COVID-19 resources

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State of the Nation: understanding public attitudes to the early years

Ipsos MORI

This report seeks to provide an overview of the public’s and parents’ perceptions of the early years in the UK today. The study used a mixed methods methodology, with several sizeable quantitative surveys (predating and during the COVID-19 pandemic) alongside observational and qualitative research with parents and families. The report is structured around the key themes that emerged from the analysis: the importance of promoting education and dissemination of evidence on the primacy of the early years to parents, parents of the future and the whole of society; the need to cultivate and sustain more support networks for parents to enhance their mental health and wellbeing; and encouraging society as a whole be more supportive of parents, carers and families in the early years. Key insights include: parents recognise that they play a key role in their child’s development – the vast majority of parents recognise that children’s brains do not develop independently of their surroundings; a significant proportion of UK parents of a 0-5-year-old (69%) underestimate the primary importance of the early years – this could result in less active interaction with children in the early years and a more ‘passive’ approach to caring for children; parents find it difficult to prioritise their own wellbeing; feelings of judgement have a huge impact on both parents and their children – seven in ten (70%) parents of a 0 to 5-year-old say they feel judged by; support networks are crucial for parents – including on issues such as child health, nutrition, behaviour and sleep; the role of wider society and primary schools – parents of a 0 to 5-year-old tend to assume that the responsibility for giving children the best chance of health and happiness is purely theirs (58%), rather than the joint responsibility of everyone in society (20%) or the equal responsibility between parents and society (18%).

Last updated on hub: 30 November 2020

Virtual home visits during the COVID-19 pandemic: social workers’ perspectives

Practice: Social Work in Action

The home visit is a key aspect of child and family social work. Following the announcement of lockdown in England, all but the most urgent of home visits ‘went virtual’ overnight. During lockdown, we spoke to 31 child and family social workers across nine local authorities in England as they began to undertake virtual home visits. Here, we focus on social workers’ reflections on virtual practice and consider the possibilities, limitations and future implications of virtual home visiting.

Last updated on hub: 27 November 2020

Surviving being black and a clinician during a dual pandemic: personal and professional challenges in a disease and racial crisis

Smith College Studies in Social Work

I CAN’T BREATHE! Social distance! I CAN’T BREATHE! Stay six feet apart! I CAN’T BREATHE! Make sure you wash your hands! I CAN’T BREATHEEEE! When can I schedule a session? The duality of being Black in America and a mental health professional during a global pandemic is stressful enough; however, coupled with a simultaneous racial pandemic, the intrapsychic, interpersonal and professional responsibilities feel incessant. This article seeks to explore the lived experiences of two Black mental health professionals residing and providing clinical services in Los Angeles County during a dual pandemic. Utilizing autoethnography methodology, the authors will reflect upon their personal and professional experiences of being Black and a mental health provider during a dual pandemic. Special attention will be allocated to unpacking issues of systemic racism, White supremacy, White fragility, anti-racism and third space oppression while providing clinical services to White and Black clients and attempting to engage in ongoing self-care activities. In addition, the authors will explore recommendations examining the nexus between racial identity, social location and professional expectations during a dual pandemic.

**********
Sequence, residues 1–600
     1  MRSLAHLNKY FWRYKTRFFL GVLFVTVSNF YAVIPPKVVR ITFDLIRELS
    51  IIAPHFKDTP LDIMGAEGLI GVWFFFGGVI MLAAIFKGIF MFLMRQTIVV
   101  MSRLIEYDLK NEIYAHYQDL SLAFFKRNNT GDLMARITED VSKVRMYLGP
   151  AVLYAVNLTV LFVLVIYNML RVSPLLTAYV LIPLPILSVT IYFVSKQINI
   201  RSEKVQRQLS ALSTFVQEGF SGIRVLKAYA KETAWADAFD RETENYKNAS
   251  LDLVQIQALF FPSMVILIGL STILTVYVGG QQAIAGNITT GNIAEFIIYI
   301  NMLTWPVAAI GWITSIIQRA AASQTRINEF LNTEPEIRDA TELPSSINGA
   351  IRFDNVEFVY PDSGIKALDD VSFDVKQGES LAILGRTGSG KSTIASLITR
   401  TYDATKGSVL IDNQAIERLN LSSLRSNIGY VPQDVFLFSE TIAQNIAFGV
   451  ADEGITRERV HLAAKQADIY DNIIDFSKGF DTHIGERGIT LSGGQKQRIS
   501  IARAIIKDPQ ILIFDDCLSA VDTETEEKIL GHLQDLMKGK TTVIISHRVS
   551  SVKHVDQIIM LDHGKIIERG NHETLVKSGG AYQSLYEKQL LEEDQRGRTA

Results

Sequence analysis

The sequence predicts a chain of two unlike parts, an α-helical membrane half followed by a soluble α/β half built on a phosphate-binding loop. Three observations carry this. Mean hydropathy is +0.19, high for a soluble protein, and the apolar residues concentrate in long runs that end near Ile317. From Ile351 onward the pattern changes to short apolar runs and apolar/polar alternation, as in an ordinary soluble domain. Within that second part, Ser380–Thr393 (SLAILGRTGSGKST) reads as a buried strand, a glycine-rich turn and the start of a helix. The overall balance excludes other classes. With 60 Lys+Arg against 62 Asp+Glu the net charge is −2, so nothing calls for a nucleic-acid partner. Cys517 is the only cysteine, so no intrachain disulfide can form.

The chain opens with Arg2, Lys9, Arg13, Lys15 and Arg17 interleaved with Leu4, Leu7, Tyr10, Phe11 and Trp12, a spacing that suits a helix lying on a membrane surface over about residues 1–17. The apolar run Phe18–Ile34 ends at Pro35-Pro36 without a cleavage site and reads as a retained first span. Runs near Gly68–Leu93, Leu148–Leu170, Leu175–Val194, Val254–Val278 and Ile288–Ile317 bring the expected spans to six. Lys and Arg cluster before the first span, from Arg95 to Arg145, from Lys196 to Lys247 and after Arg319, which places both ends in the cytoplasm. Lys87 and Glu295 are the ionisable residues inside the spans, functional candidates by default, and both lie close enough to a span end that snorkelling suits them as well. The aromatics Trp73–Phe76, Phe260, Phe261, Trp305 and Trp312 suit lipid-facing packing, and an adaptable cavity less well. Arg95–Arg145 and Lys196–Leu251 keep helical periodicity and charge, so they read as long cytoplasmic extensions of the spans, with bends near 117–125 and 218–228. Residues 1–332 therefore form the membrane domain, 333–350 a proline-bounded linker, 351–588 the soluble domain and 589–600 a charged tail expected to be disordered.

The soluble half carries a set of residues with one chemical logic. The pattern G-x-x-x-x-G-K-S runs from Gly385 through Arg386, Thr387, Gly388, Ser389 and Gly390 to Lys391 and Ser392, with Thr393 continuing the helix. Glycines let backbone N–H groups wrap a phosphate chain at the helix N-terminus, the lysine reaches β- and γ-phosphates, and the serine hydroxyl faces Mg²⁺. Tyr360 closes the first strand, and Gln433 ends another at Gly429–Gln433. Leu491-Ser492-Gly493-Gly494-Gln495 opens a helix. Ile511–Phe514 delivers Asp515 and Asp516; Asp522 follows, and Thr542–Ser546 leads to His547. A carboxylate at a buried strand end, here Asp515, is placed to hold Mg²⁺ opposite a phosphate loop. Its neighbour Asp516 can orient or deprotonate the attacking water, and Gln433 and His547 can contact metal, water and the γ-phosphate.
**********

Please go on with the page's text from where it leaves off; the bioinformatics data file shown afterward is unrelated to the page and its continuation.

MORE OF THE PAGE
Last updated on hub: 27 November 2020

The four pandemics

Smith College Studies in Social Work

COVID 19 interacts with white supremacy, economic insecurity and political terrorism, adversely affecting many people and populations. This article considers the consequences of these four interacting pandemics and suggests that social work, particularly clinical social work, requires radical revisioning and decolonizing to be able to ethically and adequately serve affected people.

Last updated on hub: 27 November 2020

Young people in care: how lockdown provides a haven of security and belonging

Scottish Journal of Residential Child Care

Amidst all the gloom and concerns about what effect the emergency lockdown measures associated with COVID-19 are having on children, there is a small group of young people finding positive benefits. Staff at one Scottish provider of residential services for children and young people who have complex needs, say young people are less distressed than before lockdown and many seem happier than they were before the measures were implemented. Daily life is less pressured. Staff are happier too. Lockdown is proving to be a catalyst for changes in line with the principles of Social Pedagogy which promotes the value of meaningful relationships that offer emotional and practical support.